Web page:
At the risk of coming off as Rabbi Grinch, I think it’s time you knew the real story of Hanukkah…
The brave heroes of our story, the Maccabees, came from a priestly dynasty known as the Hasmoneans. The leader of the Hasmoneans, Mattithias and his son Judah were what we might call today religious zealots. In 167 BCE they led a rebellion against the religious persecution of the Seleucid rulers in the land of Israel but they also fought bitterly against the assimilated, Hellenized Jews of their day.
You can read all about this in the Books of the Maccabees, which can be found in the Apocrypha – a collection of extra-Biblical writings that never quite made the final cut. After plowing your way through these exceedingly graphic and nasty accounts of of Jewish fratricide, forced circumcision and other bloody examples of Jew against Jew, you’ll understand why. (You’ll also understand why Mel Gibson was once interested in developing this material into a movie…)
While we are fond of telling the story of the Maccabean victory and their re-dedication of the Temple in Jerusalem, we don’t often tell the story of what happened to the independent Jewish state they established in the land of Israel afterwards. That’s because for the most part, the sequel to the Hanukkah story was a fairly ignoble chapter in the annals of Jewish history.
The Hasmonean dynasty eventually became fairly Hellenized itself. And when these priestly rulers weren’t persecuting the rabbinic Pharisees (our spiritual ancestors) they were busy killing one another and waging ill-advised wars of conquest against surrounding nations. In the end, it didn’t take long for the Romans to move in and mop up. All in all, the Hasmonean period of Jewish independence lasted less than one hundred years. So much for the second Jewish commonwealth.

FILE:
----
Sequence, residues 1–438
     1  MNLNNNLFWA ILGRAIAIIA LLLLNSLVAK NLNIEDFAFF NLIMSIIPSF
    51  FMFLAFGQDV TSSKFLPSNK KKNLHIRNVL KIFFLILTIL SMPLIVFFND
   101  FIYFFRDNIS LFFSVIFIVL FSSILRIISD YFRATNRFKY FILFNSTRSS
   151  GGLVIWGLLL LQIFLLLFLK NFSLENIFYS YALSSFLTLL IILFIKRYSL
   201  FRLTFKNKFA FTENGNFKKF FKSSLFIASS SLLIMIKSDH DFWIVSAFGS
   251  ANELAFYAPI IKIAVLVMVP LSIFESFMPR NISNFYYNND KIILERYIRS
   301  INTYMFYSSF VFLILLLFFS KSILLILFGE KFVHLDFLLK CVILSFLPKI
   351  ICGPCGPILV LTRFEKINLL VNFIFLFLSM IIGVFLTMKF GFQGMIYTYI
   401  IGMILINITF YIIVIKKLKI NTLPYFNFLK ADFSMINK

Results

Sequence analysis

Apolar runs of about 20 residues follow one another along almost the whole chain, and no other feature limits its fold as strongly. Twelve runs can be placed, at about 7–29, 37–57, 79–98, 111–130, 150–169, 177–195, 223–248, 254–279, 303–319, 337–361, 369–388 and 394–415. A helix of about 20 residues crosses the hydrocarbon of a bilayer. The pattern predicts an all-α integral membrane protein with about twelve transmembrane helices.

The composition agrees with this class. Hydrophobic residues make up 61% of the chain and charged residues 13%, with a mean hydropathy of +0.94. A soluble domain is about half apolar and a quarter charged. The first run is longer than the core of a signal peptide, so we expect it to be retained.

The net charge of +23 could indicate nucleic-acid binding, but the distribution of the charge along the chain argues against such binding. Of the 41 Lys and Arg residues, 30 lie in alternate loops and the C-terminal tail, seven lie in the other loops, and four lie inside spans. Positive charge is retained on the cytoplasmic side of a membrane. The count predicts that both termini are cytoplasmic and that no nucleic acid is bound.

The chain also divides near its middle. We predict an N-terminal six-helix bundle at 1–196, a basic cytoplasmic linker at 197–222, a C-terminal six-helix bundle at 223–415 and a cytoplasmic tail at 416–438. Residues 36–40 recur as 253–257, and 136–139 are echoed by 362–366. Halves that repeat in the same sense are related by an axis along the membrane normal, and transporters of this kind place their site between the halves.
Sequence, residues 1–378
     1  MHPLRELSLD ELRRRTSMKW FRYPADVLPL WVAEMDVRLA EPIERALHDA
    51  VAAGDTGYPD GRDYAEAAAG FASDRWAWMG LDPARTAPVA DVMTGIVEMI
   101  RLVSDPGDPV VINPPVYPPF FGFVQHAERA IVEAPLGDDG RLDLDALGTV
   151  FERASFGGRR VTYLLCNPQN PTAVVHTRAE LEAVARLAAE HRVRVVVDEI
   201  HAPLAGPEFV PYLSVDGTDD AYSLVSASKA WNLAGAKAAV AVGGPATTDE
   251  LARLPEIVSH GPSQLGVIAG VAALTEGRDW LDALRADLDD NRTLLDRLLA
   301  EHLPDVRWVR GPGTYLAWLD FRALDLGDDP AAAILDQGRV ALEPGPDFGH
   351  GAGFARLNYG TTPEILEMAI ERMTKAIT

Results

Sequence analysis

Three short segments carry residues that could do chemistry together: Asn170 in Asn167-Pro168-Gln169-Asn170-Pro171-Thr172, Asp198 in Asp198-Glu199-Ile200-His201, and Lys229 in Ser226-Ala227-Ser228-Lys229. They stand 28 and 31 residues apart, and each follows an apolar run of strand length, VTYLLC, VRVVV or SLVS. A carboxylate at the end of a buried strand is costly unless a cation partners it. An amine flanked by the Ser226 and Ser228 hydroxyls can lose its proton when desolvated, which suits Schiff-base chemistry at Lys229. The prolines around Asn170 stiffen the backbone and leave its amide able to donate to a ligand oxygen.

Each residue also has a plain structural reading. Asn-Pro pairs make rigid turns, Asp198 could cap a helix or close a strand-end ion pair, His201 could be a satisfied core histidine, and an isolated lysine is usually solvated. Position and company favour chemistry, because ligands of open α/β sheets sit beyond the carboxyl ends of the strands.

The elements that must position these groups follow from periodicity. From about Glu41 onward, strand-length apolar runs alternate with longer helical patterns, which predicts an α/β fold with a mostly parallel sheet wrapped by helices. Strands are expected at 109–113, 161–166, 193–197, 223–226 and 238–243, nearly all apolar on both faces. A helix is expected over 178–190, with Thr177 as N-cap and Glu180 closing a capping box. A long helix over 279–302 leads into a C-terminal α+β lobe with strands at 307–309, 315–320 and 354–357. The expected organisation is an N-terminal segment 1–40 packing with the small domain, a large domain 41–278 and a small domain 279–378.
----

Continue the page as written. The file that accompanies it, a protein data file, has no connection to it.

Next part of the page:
Yes, boys and girls, that’s the real story of Hanukkah. Don’t worry, I haven’t Scrooged-out here completely – I’ll be lighting the Hanukkiah tonight just like you. But maybe, as we light our candles, we should take some time out to ponder how we might commemorate this complex legacy as 21st century American Jews.
In an article last year in Slate, Rabbi James Ponet considered this very question by asking “was the bloody Maccabean civil war and revolt necessary to the survival of Jewish identity?” Great question. If you could put your dreidel down for just a moment, I’d love for you to leave your own thoughts and comments.
It’s a nasty and disturbing story, to be sure, and it’s not one I ever learned in Hebrew school.